Two days ago I wrote the Genius and Tragedy post. It was extremely controversial - very popular on one hand, but got some very strong visceral negative reactions. I'd like to share with you what I've learned about writing, so I can step my game up and improve. Also, I got some downright hateful comments made about me, some really bad and terrible stuff. If this has never happened to you, maybe you don't know what it feels like, and I've got some advice on how to deal with it. I also did some detailed reading and analysis of the kinds of comments I got, and there was some fascinating results that I'll share.
So, first and foremost, I made a mistake - If you're writing to help someone, it can be pretty presumptuous to do it without touching base and clearing it with them first. I made that error for a few reasons - first, two of my best posts have come from the same format, and both achieved their desired objective. ("How do I write so much, you ask?" and "I think greatness is something you do, not something you are" both publicly called people I like out - and both times it worked) - so that's the first thing, I'd had a good track record with this, however those were people I'd been touching base with already.
Second, as a general principal I believe in working really quickly. I analogize it to "fighting out of formation" - quick, lightly edited writing is always worse than well-edited best practices. But, the more you do of it, the better you get at it. And by producing anything really quickly, you get better faster. If someone produces 10 times as much content, how long until their lightly edited work is superior to the other person's highly polished work? This isn't a rhetorical question - check out "Quantity Always Trumps Quality" on codinghorror.com sometime. If you produce quickly and of lower quality at first, you can iterate and improve, and eventually your quick production work is better than the obsessively refined person's work who isn't getting as much done (and thus not learning the lessons). Pablo Picasso talked about this quite a bit, if you're particularly interested on the topic.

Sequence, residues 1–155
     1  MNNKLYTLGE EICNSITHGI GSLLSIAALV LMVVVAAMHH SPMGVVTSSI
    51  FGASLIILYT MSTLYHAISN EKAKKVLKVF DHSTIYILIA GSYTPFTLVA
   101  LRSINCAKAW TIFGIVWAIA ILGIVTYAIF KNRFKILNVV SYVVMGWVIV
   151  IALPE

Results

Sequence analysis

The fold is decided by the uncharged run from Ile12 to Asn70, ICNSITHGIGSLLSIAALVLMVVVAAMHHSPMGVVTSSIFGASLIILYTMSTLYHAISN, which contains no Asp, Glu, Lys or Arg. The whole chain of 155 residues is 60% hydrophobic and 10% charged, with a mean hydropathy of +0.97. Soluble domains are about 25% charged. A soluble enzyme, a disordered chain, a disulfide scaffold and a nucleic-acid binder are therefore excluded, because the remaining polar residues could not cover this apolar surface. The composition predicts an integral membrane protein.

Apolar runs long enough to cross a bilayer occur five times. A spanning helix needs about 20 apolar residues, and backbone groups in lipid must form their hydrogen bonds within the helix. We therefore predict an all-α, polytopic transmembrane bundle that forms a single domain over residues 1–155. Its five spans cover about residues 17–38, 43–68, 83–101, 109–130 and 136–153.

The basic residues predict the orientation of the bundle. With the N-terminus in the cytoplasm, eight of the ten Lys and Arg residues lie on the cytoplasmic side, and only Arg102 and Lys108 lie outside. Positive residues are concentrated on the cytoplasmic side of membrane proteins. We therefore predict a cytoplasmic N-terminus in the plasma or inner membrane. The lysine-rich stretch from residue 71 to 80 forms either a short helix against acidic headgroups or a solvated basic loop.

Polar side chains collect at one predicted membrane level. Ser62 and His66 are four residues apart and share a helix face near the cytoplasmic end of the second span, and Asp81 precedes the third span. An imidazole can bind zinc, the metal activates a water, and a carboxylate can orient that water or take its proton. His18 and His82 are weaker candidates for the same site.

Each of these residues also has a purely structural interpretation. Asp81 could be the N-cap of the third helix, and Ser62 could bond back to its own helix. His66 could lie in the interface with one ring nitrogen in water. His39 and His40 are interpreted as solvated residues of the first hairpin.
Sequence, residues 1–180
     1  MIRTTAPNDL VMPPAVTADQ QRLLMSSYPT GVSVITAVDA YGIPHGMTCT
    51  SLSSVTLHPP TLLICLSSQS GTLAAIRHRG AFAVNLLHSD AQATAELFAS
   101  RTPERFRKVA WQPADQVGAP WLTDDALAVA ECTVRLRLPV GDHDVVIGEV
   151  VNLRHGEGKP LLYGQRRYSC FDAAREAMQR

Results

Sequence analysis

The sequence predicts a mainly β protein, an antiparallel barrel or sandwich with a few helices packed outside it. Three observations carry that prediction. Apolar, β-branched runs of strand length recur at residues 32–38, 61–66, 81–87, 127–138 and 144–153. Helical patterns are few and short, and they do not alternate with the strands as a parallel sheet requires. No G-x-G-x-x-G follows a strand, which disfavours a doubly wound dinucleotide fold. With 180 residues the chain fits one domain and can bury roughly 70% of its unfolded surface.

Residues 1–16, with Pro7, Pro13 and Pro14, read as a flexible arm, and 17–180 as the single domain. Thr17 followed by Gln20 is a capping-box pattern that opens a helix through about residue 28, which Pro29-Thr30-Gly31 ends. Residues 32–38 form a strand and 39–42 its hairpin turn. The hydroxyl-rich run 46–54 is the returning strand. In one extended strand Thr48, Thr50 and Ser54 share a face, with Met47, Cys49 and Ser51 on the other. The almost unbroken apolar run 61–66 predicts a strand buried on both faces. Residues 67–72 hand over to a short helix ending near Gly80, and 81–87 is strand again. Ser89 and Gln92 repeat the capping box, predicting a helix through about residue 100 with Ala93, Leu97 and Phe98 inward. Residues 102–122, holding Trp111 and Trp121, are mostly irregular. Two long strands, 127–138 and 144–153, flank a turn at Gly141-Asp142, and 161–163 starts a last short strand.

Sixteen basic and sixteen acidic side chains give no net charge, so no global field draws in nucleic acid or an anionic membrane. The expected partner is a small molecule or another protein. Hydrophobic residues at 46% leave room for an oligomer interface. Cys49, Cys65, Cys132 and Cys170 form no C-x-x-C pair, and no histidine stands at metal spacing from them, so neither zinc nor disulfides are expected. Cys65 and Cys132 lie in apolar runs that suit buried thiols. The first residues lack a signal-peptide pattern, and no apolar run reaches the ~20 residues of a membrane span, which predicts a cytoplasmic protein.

The downside, of course, is that you make mistakes. And I did - I should've touched base before writing that post, or had it vetted, or at least, spent more time editing it to be clear, concise, and unambiguous, and even more polite. Mea culpa - my mistake! It's okay for me to work quickly and bring errors upon myself because of it, but I need to be more careful when involving others.
Then, why is that post still up? This is what I wrote as the episode was winding down, it was well-received by the community -
There are different ways to solve problems. I've noticed that there's a continuum that these solutions rest on. On the left side are solutions that attack the symptoms of the problem. They're the easiest to implement quickly. On the other side are the solutions that attack the root of the problem, but are the hardest to implement.
Take weight loss. Going from left to right along the continuum, you'll find liposuction, lap band, eating disorders, following fad diets, eating packaged "health" foods and shakes, eating somewhat healthy food, and eating really healthy food. Most people would be able to think of all of those solutions to their weight problems, and might pick one along the continuum somewhere.
But there's actually one more solution, so far to the right on the continuum that most people wouldn't even think of it. For weight loss, that solution is to PREFER healthy food. A change in preference. Think about it-- if you LIKE healthy food more than you like unhealthy food, you will never gain weight again. Impossible, even if you don't exercise. More importantly, if you prefer healthy food, there's no stress associated with weight loss. You're just eating foods that you like. What's easier than that?
Changing your preference for food isn't easy, though. It's not like getting a lap band. To change your preference for food you have to learn a lot. What makes food healthy? What are the exceptions? You have to understand the biological impact that bad food has on the various systems of your body. That's the leverage that holds the preference in place. When you learn about how sugar abuses your pancreas, it's a little less appealing in your mind. You learn about how factory farms raise their animals, and that sort of meat is less appealing. Changing preferences is hard work, and it takes time and effort and energy, but it produces lasting change.